MADISON, Miss. (AP) — Just five years after winning the British Open, Todd Hamilton is fighting for his PGA Tour card at the Viking Classic.
He isn’t alone.
The tournament begins Thursday with dozens of players trying to retain their eligibility with two events left in the 2009 season. All 21 players between Nos. 114 and 135 on the money list are entered. The top 125 get full exempt status on the 2010 tour.
“It’s important for me to keep my card,” Hamilton said while pelting range balls.
The tournament’s new spot on the schedule makes it a pivotal event for players hovering around the cutoff. And Hamilton has work to do at No. 133.
It’s the first time he’s been in such a difficult position. His Open victory in his first year on tour gave him a five-year exemption. That expires after this year’s season finale Nov. 12-15 at the Children’s Miracle Network Classic.
“I know that it’s a nerve-racking thing if you are on the bubble,” Matt Kuchar said. “The best thing to do is try not think about it, try not figure out what position you’ve got to finish in. Just play good golf.”
Kuchar isn’t worried. He’s 24th on the money list, second only to 14th-place David Toms in the field, and arguably the hottest player among the 132 chasing the $648,000 winner’s check at a waterlogged Annandale Golf Club, after winning three weeks ago and finishing in the top 15 in his last five straight tournaments.
Thunderstorms earlier in the week drowned the course, taking some of the bite out of the par-72, 7,199-yard layout and leaving players like rookie Ricky Barnes soaking wet after a Tuesday afternoon practice round.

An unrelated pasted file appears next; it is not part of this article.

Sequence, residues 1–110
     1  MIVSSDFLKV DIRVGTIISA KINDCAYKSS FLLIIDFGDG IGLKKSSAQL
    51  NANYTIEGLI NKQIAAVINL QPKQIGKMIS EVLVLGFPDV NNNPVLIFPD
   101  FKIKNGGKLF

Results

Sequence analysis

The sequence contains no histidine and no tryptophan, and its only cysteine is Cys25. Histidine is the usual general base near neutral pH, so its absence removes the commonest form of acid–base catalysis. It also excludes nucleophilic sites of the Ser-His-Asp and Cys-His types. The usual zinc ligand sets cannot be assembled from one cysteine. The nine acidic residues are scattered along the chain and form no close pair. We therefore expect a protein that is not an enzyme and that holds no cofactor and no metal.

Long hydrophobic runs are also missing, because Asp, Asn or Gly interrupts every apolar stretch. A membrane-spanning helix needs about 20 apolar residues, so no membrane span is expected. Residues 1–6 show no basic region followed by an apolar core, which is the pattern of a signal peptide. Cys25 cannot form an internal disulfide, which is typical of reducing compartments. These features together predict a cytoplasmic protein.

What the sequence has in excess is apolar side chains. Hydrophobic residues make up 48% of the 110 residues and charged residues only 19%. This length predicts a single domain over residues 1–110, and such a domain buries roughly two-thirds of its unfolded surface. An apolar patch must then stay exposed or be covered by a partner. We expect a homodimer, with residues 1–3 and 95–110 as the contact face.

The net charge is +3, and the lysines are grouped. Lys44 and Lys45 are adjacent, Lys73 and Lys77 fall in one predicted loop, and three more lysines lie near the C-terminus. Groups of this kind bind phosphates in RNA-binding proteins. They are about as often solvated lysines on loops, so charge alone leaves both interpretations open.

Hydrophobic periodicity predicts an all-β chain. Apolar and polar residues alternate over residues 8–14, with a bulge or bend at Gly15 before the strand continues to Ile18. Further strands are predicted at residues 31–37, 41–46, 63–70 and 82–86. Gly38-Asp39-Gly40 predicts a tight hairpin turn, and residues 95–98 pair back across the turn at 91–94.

Barnes, who built a six-shot lead in the third round of the U.S. Open in June before finishing second, is another player with his card on the line. After that runner-up finish at the U.S. Open, he missed six of nine cuts, slipping to No. 121.
Drop five spots and Barnes could wind up back in PGA Tour Qualifying School for a fifth time. He’s never graduated from Q-School, a grueling event capped by a six-round final where the top 25 win full playing rights.
“I’m playing the golf course instead of the rest of the 15 guys near that number,” said Barnes, who finished high enough on the Nationwide Tour money list last season to give him full exemption onto the PGA Tour this year. “You can’t really treat it as match play.”
But Hamilton will, in a way, especially this late in the year. The 44-year-old said during late-season tournaments, scoreboards don’t just show scores. They’ll show the live fluctuations in the money list during the event.
“You look up there and you see 128 by your name,” he said, “it’s a little different than when you see 123 or 124.”
There are a few more familiar names lingering around the cutoff: 2002 PGA champ Rich Beem is No. 124 and former world No. 1 and 2001 British Open champion David Duval is 125th.
Asked if he’s glanced at the money list to figure out what position he needs to finish in these last two tournaments, Hamilton shrugged.
“I haven’t,” he said. “But I may.”
Rickie Fowler doesn’t show up on the money list because he is not yet a PGA Tour member, although the Viking Classic is equally meaningful. The 20-year-old from Oklahoma State began his pro career with consecutive top 10s, including a playoff loss last week.
Fowler is the equivalent of 136th on the money list with $533,700. If he were to have another top 10 at Annandale, it might be enough for him to earn his card without Q-school.